Napier, Billy B “Rusty”

Billy B. “Rusty” Napier. Navigator
17th SOS, Tuy Hoa, Phu Cat, and Tan Son Nhut, 1970-71

Colonel Billy B. “Rusty” Napier began his Air Force career in 1968 after earning his B.A. degree from the University of the South located at Sewanee, Tennessee and receiving his commission as a Second Lieutenant through the Air Force Reserve Officer Training Corps (AFROTC) program. After completing navigator training at Mather AFB, California in 1969, he was assigned to the 17th Special Operations Squadron (SOS) at Phan Rang Air Base, Republic of Vietnam (RVN) as an AC-119G Shadow gunship navigator on 6 March 1970.

Napier was first assigned to A Flight at Tuy Hoa and subsequently to Phu Cat Air Base, RVN. He was transferred midway in his tour of duty to Fighting C Flight at Tan Son Nhut Air Base during the Cambodian Incursion. During his tour of duty in Vietnam, First Lieutenant Napier flew 650 combat hours and 155 sorties with six of those sorties on AC-119K Stinger gunships. He participated in two major offensive operations; relieving the siege at Dak Seang and the invasion of Cambodia.

Upon completion of his tour of duty in Southeast Asia, he returned to Mather AFB as an instructor navigator. In 1974, Captain Napier was assigned to the 701st Military Airlift Squadron at Charleston AFB, South Carolina, serving as a C-141 navigator, instructor navigator and flight examiner.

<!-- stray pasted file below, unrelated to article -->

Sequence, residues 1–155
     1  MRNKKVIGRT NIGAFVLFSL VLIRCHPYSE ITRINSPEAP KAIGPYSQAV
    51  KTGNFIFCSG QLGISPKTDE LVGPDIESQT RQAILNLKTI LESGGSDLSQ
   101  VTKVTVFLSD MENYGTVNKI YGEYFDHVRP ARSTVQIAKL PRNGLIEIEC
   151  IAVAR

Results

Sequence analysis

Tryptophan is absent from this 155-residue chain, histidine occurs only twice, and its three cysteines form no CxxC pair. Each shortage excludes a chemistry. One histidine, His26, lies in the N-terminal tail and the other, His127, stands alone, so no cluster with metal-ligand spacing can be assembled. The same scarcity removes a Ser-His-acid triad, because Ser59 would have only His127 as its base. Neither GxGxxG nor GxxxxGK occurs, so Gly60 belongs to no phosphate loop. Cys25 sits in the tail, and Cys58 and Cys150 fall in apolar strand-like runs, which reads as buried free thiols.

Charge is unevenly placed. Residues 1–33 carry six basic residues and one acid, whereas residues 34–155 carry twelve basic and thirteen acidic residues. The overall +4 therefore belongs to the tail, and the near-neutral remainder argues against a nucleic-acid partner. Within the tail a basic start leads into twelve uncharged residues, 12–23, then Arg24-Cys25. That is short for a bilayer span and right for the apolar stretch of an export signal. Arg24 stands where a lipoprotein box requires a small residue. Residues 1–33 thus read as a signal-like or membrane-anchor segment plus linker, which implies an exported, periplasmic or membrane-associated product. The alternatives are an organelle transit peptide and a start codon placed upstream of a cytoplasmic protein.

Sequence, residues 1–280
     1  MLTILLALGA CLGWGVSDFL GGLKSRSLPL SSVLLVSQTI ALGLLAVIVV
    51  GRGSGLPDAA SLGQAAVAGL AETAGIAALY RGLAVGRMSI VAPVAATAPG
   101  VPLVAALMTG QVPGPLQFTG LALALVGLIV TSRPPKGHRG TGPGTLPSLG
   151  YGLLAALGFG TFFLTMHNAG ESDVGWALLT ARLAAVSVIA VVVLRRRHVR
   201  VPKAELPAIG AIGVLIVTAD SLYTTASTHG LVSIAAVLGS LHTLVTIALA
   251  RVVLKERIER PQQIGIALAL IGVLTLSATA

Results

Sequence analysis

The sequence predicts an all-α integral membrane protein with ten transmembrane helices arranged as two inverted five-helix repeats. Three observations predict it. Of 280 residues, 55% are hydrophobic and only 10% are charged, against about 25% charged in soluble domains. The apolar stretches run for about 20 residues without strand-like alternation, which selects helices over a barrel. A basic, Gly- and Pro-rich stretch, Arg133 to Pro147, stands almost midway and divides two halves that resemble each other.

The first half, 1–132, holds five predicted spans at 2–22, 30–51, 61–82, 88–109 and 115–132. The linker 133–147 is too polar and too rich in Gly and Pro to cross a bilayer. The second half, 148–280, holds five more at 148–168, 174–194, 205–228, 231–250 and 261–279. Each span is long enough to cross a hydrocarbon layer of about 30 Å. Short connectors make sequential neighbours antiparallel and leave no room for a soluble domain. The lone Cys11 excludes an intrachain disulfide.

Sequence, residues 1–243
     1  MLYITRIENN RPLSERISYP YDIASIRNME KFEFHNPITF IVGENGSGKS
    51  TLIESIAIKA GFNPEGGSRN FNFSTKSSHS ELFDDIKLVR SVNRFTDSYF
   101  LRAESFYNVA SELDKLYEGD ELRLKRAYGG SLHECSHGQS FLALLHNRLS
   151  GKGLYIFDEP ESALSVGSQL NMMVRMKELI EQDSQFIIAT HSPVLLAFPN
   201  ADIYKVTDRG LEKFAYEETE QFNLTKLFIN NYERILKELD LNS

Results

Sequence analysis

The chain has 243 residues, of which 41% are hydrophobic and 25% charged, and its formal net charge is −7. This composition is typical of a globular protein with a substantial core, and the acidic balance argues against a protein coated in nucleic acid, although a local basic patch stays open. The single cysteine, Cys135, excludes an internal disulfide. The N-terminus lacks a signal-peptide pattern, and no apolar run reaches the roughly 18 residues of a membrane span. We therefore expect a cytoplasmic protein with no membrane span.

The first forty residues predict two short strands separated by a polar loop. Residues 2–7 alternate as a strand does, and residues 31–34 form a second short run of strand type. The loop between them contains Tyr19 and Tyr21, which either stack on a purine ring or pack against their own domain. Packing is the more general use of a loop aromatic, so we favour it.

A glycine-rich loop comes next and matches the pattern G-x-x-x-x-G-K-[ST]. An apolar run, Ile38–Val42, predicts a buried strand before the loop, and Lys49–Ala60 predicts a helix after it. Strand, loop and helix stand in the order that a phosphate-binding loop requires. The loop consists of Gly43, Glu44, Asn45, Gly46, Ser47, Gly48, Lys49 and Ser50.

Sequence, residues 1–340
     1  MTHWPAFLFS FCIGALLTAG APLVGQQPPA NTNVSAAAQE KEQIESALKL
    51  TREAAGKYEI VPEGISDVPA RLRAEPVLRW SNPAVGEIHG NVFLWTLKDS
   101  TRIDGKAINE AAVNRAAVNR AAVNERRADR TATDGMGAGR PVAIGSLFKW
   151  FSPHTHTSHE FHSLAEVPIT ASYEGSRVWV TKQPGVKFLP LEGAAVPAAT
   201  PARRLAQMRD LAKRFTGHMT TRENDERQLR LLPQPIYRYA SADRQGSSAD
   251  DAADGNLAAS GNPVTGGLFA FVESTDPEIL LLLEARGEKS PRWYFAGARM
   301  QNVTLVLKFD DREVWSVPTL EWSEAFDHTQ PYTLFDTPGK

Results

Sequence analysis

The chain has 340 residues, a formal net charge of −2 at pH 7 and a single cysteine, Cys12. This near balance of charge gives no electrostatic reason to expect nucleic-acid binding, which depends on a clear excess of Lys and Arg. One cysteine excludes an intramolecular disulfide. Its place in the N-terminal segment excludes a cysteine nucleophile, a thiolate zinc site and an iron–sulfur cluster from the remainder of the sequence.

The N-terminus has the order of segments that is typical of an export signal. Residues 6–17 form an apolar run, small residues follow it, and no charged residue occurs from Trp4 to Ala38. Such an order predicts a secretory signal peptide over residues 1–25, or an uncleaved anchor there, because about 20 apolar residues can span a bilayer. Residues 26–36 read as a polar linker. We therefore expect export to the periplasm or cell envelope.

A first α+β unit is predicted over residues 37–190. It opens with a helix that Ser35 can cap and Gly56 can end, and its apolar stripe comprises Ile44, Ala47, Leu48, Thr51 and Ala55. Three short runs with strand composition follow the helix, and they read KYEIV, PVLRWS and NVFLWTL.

In 1979, Napier was assigned to the 16th SOS as a fire control officer on the AC-130H Spectre Gunship. In 1980, he was selected as Executive Officer to the 1st Special Operations Wing (SOW) Commander. He served in that position until 1982 when he assumed the Executive Officer position in the newly created 2nd Air Division. Having distinguished himself as a staff officer, Napier was assigned to United States Air Force Headquarters in Washington, D.C. While working at the Air Staff, he served as Program Element Monitor for all major Special Operations Forces (SOF) acquisitions; the MC-130H Combat Talon II, the MH-53 Pave Low Helicopter, and the AC-130U Gunship. He completed his Pentagon tour in the Air Force Secretariat, helping to implement the Air Forces’ $5 billion SOF revitalization effort.

In 1987, Napier returned to the 16th SOS as Operations Officer and became the Squadron Commander of the 16th on 20 June 1989. In December 1989, Colonel Napier led the squadron into combat against Panamanian Defense Forces in the Republic of Panama during “Operation Just Cause.” The following year, Commander Napier led his AC-130 Spectre Gunships into combat in Kuwait and Iraq during “Operation Desert Storm.”

In 1991, Colonel Napier was reassigned to United States Special Operations Command (USSOCOM) as Deputy Director of the Special Operations Research, Development and Acquisition Center at MacDill AFB; Tampa, Florida. In 1992, he became Director of Legislative Affairs for USSOCOM with offices in both Washington D.C. and MacDill Air Force Base.